For nearly 30 years, Alexey Titarenko has been photographing cities that are close to his heart, making images that attempt to describe the feeling of a place as much as they record the way it looks. A new exhibition of his work, “Alexey Titarenko: The City is a Novel,” is on view at Nailya Alexander Gallery in New York City until May 20. Over the course of his career, Titarenko has focused on four cities, St. Petersburg, where he was born (when it was called Leningrad), and New York City, where he has lived for close to a decade, as well as two places beloved by photographers, Venice and Havana. The show is a retrospective, collecting his rarely exhibited photomontages from a series called “Nomenclature of Signs,” which was included in an exhibition of Soviet photography that toured the U.S. in 1989, and images from “City of Shadows,” begun during the collapse of the U.S.S.R.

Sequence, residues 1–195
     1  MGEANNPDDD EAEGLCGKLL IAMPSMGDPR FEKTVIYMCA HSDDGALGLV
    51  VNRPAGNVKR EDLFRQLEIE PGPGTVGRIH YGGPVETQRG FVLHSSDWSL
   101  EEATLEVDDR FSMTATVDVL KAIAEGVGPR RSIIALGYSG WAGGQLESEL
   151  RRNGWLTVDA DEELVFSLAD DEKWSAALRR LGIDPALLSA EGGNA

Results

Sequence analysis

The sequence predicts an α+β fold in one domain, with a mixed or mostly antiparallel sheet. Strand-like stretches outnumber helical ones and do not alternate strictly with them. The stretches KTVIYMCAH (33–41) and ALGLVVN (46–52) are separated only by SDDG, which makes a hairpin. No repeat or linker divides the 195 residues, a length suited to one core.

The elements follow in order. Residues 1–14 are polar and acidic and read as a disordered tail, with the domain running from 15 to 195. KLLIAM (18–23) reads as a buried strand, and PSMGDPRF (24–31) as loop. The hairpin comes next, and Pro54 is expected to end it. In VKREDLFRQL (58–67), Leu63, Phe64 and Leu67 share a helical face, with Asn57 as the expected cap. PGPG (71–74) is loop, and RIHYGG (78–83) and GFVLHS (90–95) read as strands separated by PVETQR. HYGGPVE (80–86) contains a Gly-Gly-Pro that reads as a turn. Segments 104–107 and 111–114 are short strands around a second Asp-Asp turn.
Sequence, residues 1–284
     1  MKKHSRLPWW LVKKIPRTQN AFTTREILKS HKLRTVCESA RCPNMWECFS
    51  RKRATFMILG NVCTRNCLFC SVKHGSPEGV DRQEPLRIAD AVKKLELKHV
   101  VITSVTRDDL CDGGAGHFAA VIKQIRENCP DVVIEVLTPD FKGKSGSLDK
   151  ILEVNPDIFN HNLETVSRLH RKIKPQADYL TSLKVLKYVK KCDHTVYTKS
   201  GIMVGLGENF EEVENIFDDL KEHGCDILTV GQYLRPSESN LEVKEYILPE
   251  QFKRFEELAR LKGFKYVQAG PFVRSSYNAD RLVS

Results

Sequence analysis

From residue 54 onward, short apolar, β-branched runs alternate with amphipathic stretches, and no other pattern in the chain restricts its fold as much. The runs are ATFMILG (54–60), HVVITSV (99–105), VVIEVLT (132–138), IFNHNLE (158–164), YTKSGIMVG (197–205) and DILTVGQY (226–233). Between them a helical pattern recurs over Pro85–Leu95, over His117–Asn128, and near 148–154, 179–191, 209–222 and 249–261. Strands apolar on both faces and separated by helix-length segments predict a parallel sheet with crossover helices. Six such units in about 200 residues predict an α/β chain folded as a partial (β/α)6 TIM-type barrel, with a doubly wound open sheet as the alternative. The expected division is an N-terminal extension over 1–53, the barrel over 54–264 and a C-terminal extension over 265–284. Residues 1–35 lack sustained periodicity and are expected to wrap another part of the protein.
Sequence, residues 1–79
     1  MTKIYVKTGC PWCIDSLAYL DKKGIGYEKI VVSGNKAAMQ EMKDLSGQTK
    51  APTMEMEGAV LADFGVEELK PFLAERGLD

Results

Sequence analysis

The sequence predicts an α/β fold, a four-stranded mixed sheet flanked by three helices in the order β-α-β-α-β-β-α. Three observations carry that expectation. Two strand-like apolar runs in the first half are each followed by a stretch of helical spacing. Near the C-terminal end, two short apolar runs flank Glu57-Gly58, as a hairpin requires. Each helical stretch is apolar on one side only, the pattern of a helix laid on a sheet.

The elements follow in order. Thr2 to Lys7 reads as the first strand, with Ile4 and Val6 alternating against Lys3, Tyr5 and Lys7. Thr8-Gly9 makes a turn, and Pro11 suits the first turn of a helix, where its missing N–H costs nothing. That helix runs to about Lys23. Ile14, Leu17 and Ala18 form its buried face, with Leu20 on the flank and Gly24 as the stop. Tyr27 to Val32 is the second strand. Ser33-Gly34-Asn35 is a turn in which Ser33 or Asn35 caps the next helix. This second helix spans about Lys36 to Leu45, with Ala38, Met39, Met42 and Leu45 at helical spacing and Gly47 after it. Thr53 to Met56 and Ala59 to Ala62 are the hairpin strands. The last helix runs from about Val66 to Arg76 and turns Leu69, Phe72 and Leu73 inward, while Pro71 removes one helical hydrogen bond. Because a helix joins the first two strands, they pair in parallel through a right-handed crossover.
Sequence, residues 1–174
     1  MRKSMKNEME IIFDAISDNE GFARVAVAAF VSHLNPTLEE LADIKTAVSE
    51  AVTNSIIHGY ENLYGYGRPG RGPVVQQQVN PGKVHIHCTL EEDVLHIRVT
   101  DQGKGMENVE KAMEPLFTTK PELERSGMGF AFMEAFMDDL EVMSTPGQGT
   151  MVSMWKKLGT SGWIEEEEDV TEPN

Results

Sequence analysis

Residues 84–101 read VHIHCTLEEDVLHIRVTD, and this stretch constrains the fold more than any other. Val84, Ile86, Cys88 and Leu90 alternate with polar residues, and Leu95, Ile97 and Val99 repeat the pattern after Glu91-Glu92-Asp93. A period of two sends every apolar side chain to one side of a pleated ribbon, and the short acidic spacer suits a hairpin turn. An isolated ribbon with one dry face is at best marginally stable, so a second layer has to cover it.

Working with medium format black and white film, Titarenko often makes long exposures that blur the people who pass through his frame while freezing the architecture around them. In the darkroom, he extensively works and reworks his prints, bleaching, toning and solarizing the images until they reflect the particular quality he is after. As Titarenko says in a statement, “Universal emotions…constitute the main themes of my photographs, to the extent of transforming the most documentary among them into elements of a novel—not reportage, but a novel, whose central theme is the human soul.”